Paul Krugman slams the moves for tax cuts arguing that the US economy is about to fall into an abyss*. The question really is the size of the cuts - if big enough they can provide as much stimulation as a fiscal expansion. At times Krugman allows his Republican hatreds to override his reason.
Greg Mankiw on the other hand argues that the US should utilise a revenue neutral payroll tax cut coupled with a gradually increasing tax on gasoline. One conspicuous advantage is that tax cuts have an immediate impact whereas well-planned fiscal investments have significant implementation lags.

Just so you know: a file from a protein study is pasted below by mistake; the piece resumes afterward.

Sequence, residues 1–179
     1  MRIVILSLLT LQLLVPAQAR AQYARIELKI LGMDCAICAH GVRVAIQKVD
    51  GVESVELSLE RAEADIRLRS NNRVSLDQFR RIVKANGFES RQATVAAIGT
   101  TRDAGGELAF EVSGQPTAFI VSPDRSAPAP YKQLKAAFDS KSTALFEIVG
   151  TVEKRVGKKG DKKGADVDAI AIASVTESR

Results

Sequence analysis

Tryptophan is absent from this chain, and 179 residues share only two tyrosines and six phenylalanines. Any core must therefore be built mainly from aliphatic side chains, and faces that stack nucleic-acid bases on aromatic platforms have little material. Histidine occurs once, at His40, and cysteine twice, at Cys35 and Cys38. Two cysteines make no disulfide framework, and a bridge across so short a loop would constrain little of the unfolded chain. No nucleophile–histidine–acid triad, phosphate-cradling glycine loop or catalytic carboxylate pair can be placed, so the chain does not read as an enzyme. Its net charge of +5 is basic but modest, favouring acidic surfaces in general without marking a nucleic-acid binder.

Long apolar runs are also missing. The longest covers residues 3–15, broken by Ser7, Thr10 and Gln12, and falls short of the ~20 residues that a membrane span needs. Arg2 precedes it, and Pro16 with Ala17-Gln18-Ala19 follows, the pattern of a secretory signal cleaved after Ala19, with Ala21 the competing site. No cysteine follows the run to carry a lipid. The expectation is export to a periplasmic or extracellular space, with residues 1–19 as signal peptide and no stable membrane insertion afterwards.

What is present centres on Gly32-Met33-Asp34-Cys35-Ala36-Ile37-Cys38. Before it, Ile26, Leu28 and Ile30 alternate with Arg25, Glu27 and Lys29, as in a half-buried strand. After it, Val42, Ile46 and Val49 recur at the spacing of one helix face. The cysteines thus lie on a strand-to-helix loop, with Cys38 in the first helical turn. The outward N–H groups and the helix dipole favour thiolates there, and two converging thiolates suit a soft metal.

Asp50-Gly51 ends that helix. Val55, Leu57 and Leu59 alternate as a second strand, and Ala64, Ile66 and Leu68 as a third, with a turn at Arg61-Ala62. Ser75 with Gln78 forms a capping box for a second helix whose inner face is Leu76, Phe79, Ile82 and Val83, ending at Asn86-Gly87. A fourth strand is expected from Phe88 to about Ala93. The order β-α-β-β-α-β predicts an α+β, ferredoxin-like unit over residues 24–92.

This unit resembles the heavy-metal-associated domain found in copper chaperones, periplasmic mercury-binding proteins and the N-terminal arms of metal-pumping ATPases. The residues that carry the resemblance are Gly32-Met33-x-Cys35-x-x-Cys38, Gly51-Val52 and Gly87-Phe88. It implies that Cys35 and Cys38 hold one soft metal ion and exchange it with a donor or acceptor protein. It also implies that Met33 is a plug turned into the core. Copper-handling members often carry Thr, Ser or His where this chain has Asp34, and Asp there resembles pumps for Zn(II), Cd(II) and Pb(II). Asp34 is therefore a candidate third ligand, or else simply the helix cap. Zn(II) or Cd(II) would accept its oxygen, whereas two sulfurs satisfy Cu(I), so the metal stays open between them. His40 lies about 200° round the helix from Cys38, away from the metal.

The Mankiw move has its attractions. It replaces a stupid tax on jobs which damages employment with an environmentally sensitive tax that (however imperfectly) helps reduce congestion, pollution and of course greenhouse gas emissions. We could think about similar sorts of moves in Australia where rates of payroll tax are comparable to those paid in the US.
* That is not an exaggerated claim. 598,000 jobs were lost in the US in January 2009 with unemployment up to 7.6% of the workforce compared to 4.9% in January 2008.